Foreign Minister Sheikh Khaled bin Ahmed al-Khalifa of Bahrain said on Monday that Saudi and Emirati forces called in to help quell street unrest would leave only when “any external threat” related to Iran had vanished.
He was speaking at a news conference in Dubai in which he suggested that troops from the six-member Gulf Cooperation Council could be stationed in Bahrain for some time, adding that they would remain until “a threat” to GCC nations from the overwhelmingly Shiite state of Iran was over.
“There are no Saudi forces, there are GCC forces and they will leave when they are done [addressing] any external threat,” he told Reuters on the sidelines of a conference in the United Arab Emirates.
When asked to elaborate, Sheikh Khalifa said, “The external threat is a regional one. [It is also] a complete misunderstanding between the GCC and Iran. This is a threat.”
“I am not pointing fingers here, but what we are seeing from Iran, (in regards to) Bahrain, Saudi Arabia, Kuwait, the occupation of the islands of the Emirates, doesn’t make the situation a positive one. It keeps it a constant threat,” the foreign minister said.
Bahrain—whose population is 1.2 million and GDP nearly $30 billion—saw protests erupt in February with demonstrators demanding more freedom, an end to discrimination and constitutional monarchy.
Authorities responded with force by deploying security forces in the capital. They called in troops from Gulf neighbors Saudi Arabia and the UAE under the auspices of a Gulf defense pact.
The mainly Shiite protesters have rejected accusations that they were supported by the regime in Tehran or by the Shiite militant group Hezbollah based in Lebanon. Both Iran and Hezbollah have denied training demonstrators.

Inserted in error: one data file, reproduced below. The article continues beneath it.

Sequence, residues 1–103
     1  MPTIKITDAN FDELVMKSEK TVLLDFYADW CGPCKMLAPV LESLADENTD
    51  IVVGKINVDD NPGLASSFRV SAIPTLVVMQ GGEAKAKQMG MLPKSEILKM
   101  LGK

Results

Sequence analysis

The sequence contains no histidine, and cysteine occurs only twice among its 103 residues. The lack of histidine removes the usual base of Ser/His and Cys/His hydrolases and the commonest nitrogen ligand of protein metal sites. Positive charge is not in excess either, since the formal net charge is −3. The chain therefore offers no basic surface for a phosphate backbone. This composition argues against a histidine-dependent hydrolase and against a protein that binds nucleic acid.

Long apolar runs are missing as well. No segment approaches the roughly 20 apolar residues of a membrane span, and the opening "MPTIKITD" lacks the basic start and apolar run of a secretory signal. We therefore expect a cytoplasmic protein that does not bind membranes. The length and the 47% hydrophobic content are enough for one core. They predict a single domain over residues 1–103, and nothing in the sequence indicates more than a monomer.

Iran complained to the United Nations about the deployment of GCC forces in Bahrain and said it could not remain indifferent to the crackdown on protests.
“Bahrain has witnessed a coup attempt,” Prime Minister Sheikh Khalifa bin Salman al-Khalifa of Bahrain said in remarks carried by pro-government media on Monday. “No violators will get away with it. All co-conspirators and abettors must be held accountable.”
The unrest has stirred tension in the world’s leading oil-exporting region with Saudi Arabia and Iran trading accusations of meddling in Bahrain affairs.
Hundreds of Bahrainis who took part in the protests have been arrested and state-owned firms have fired Shiite workers who were absent from work during a general strike called for by unions.
At least 29 people have been killed since the protests started including six non-Shiites. The six included two foreigners—an Indian and a Bangladeshi—and four policemen.
Mattar Ibrahim Mattar, a former parliamentarian from the Shiite opposition group Wefaq, said police on Sunday attacked a traditional celebration marking the death of the wife of a central Shiite figure of early Islamic history.
Wefaq also said the government destroyed a Shiite mosque in the village of Salmabad, adding to a number of places of worship that have been demolished by security forces in the crackdown.
Last week, Bahrain’s state news agency reported that the government planned to dissolve major Shiite opposition parties, including Wefaq.
However Sheikh Khaled dismissed the news when he said, “We’re not there to dissolve Al-Wefaq (the Islamic National Accord Association). Wefaq committed some violations [for which] there is a court case but there is no witch hunt.”
The human rights group Amnesty International has said that more than 400 activists, almost all Shiites, have so far been detained, including prominent human rights worker Abdulhadi al-Khawaja and his two sons-in-law, who were arrested on Saturday.
(Sara Ghasemilee of Al Arabiya can be reached at: firstname.lastname@example.org)